- 5 new Dublin routes: Marrakech (2w), Munich (2 daily), Naples (5w), Paphos (2w) and Stuttgart (daily)
- Extra flights to Hamburg (daily)
- 90 routes in total from Dublin
- 12.9m customers a year, up 450,000 at Dublin
Morocco and Germany are the big focus for next year as Ryanair launched its Summer 2018 schedule from Dublin at a press briefing in the capital.
With Spain bustling as tourists moved towards safer shores due to terrorism fears, Ryanair believes there’s demand for a cheaper sun break destination, given rising hotel prices in Spain. It’s reintroducing the Marrakech route, and will also be flying to Paphos in Cyprus, an island that has been largely off the radar of Irish holidaymakers for a number of years.
Launching the new schedule, Ryanair Chief Commercial Officer David O’Brien said that Ryanair also sees huge potential in the German market, and it’s returning to Munich for the first time since 1992, when the airline baulked at “paying €50 to have a lemon delivered” to an aircraft.
The airline will also introduce Dublin to Stuttgart and boost its service to Hamburg, going daily to the northern port. Mr O’Brien and Chief Marketing Officer Kenny Jacobs said the airline supports the second runway at Dublin Airport – but believes that it should only cost €240m, €80m less than DAA’s estimate.
“We are still big supporters of the second runway in Dublin,” said Mr O’Brien. “Dublin is, at peak time, full, so it’s very difficult to get slots. Dublin is really punching above its weight, with more EU traffic routes than Heathrow has in hotel. Consider Athens, with 14 island airports [around Greece], the weather we don’t have, has 20m passengers whereas Dublin has 30m.”
He said the Munich service will start this winter, and “for the first time you have Ryanair into Naples during the summer. We will have more passengers in Dublin than Prague has in total.”
Mr O’Brien said the Government should provide marketing funding to push inbound tourism at its new routes in Germany. “Germany is a particular focus – it’s a great opportunity for Ireland. We’ve become particularly reliant on the UK market, particularly for tourism”, saying this is a concern as Ireland is less attractive to British visitors because of the weakness of sterling.
Ryanair will carry 14.9m customers through Irish airports next year. “We can see that gap in fares between ourselves and our competitors continues to widen,” said Kenny Jacobs.
DAA CEO Kevin Toland, while clashing with Kenny Jacobs and David O’Brien on the runway cost, paid tribute to the airline in boosting passenger numbers in Ireland: “Ryanair now goes to 90 destinations from Dublin, which is the same as Heathrow on the short-haul side.” He said that the new routes will mean Ryanair will grow its Dublin Airport summer traffic “by 4pc next year”.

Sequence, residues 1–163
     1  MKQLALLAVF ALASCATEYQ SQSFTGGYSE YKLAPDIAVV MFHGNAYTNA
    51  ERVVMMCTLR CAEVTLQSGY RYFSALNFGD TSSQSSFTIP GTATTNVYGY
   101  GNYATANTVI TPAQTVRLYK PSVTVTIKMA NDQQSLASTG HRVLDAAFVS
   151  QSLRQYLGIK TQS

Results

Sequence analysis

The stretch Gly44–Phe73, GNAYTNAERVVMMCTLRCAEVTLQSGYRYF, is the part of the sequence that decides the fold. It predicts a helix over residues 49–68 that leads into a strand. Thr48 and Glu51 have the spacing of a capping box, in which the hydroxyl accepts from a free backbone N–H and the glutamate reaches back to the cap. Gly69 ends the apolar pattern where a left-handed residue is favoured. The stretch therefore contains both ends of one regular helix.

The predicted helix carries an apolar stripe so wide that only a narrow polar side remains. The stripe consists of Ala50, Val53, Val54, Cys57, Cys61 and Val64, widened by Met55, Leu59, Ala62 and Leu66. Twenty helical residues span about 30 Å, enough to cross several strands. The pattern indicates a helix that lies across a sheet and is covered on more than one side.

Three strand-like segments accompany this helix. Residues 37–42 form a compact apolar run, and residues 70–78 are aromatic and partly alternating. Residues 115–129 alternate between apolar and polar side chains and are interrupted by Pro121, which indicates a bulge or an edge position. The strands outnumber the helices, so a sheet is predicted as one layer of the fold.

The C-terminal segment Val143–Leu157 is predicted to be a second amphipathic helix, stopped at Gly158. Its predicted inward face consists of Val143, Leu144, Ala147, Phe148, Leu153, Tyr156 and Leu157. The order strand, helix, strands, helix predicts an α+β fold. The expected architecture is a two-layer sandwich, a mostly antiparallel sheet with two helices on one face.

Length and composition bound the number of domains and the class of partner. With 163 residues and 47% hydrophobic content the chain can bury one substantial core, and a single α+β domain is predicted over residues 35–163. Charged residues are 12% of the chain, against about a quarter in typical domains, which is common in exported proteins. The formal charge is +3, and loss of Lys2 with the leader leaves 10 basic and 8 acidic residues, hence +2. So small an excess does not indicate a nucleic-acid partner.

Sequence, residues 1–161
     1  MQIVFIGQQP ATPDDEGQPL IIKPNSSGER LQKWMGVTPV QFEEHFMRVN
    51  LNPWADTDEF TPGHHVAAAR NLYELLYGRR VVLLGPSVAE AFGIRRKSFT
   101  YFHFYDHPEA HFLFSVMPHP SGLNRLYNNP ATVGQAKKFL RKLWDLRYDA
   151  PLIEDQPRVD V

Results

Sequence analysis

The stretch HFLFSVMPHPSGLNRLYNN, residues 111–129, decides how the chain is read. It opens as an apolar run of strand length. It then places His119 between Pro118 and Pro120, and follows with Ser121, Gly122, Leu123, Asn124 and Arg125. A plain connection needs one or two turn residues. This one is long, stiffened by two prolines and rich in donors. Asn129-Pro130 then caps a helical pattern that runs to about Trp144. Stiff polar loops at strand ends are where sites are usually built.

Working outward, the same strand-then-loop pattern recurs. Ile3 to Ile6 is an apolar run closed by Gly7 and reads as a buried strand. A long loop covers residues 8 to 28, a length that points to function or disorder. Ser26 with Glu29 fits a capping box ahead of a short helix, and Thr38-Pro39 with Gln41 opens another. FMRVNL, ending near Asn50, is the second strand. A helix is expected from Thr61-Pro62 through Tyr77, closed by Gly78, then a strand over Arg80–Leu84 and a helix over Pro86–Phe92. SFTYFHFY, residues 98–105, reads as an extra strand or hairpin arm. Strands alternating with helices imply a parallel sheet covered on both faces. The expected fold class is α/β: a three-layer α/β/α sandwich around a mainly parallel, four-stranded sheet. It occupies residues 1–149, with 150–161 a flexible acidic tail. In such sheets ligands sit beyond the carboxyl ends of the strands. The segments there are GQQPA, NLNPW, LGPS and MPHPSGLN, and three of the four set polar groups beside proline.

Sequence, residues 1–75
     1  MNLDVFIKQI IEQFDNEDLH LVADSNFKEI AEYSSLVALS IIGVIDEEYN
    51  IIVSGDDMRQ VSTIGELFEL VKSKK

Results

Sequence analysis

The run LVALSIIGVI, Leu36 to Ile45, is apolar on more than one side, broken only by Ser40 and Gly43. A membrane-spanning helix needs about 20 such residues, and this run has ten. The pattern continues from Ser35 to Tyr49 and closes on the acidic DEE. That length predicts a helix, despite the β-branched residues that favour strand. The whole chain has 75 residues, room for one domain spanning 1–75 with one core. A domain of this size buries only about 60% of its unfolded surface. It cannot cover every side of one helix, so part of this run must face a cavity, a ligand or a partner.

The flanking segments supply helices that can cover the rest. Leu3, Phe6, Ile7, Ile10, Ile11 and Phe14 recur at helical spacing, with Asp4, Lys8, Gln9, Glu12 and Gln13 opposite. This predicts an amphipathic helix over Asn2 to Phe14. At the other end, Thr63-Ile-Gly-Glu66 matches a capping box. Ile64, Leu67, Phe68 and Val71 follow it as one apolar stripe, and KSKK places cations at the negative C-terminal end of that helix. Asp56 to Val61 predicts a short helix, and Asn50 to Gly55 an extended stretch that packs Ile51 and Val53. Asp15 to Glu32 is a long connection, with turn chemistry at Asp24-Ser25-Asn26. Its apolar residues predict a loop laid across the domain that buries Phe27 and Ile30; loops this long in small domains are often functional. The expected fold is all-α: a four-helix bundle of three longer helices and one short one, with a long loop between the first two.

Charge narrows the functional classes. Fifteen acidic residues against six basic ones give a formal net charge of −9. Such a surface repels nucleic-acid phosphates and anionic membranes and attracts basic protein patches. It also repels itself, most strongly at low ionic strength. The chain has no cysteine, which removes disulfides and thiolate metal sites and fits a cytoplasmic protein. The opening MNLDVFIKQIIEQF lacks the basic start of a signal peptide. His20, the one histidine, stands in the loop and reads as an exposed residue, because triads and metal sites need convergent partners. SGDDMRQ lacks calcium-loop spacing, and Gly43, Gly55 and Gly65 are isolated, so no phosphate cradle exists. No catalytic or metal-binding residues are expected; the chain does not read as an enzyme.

Kenny Jacobs said Ryanair are interested in some of the assets of Air Berlin
Kenny Jacobs said Ryanair are aiming to take Air Berlin’s market share
David O’Brien said the Air Berlin process is a Stitch up
David O’Brien said the Air Berlin doling out of assets process began before it was announced
Kevin Toland talked about plans for passport control E gates at Dublin airport
Kevin Toland talked about the impact of Brexit on Dublin airport
Kenny Jacobs said Ryanair was cutting fares by 5pc in this half-year period
Kenny Jacobs outlined the Issues facing Ryanair in summer 2017
Kenny Jacobs said the latest phases in Ryanair’s Always Getting Better programme included voice recognition and a Get Me Home app
David O’Brien said Irish tourism is not performing in the German market
Kenny Jacobs said ALL of the problems with drunkenness on Ryanair’s Europe wide network were cause dby English passengers
Kenny Jacobs said the future of aviation in post Brexit Britain was no clearer as negotiations got under way
David O’Brien said Dublin airport can never do enough for Ryanair
David O’Brien explained why Ryanair returned to Marrakech
Kevin Toland said Michael O’Leary could do his job and would be successful
David O’Brien said Ryanair did not close down Buzz, in answer to questions
Kenny Jacobs said Ireland should keep the 9pc VAT rate for tourism businesses
David O’Brien said interlining with Norwegian and Aer Lingus is delayed until end of 2017
Kenny Jacobs said Ryanair have no plans for onboard wifi
Kevin Toland said there would be no second runway until 2021 because of delay in legislation
David O’Brien said Ryanair are making their way through the data room on the Alitalia bid
Kevin Toland said Dublin airport does not need a third terminal
Kenny Jacobs outlined the concerns for Irish aviation and tourism from Brexit
David O’Brien said German airports now see an opportunity in Ryanair
Ryanair full press conference
Kenny Jacobs said Ryanair is planning 4pc growth in Dublin in 2018
Kenny Jacobs reflected on Ryanair reaching 1bn passengers
Kenny Jacobs said Ryanair stimulated demand by dropping prices after Barcelona attack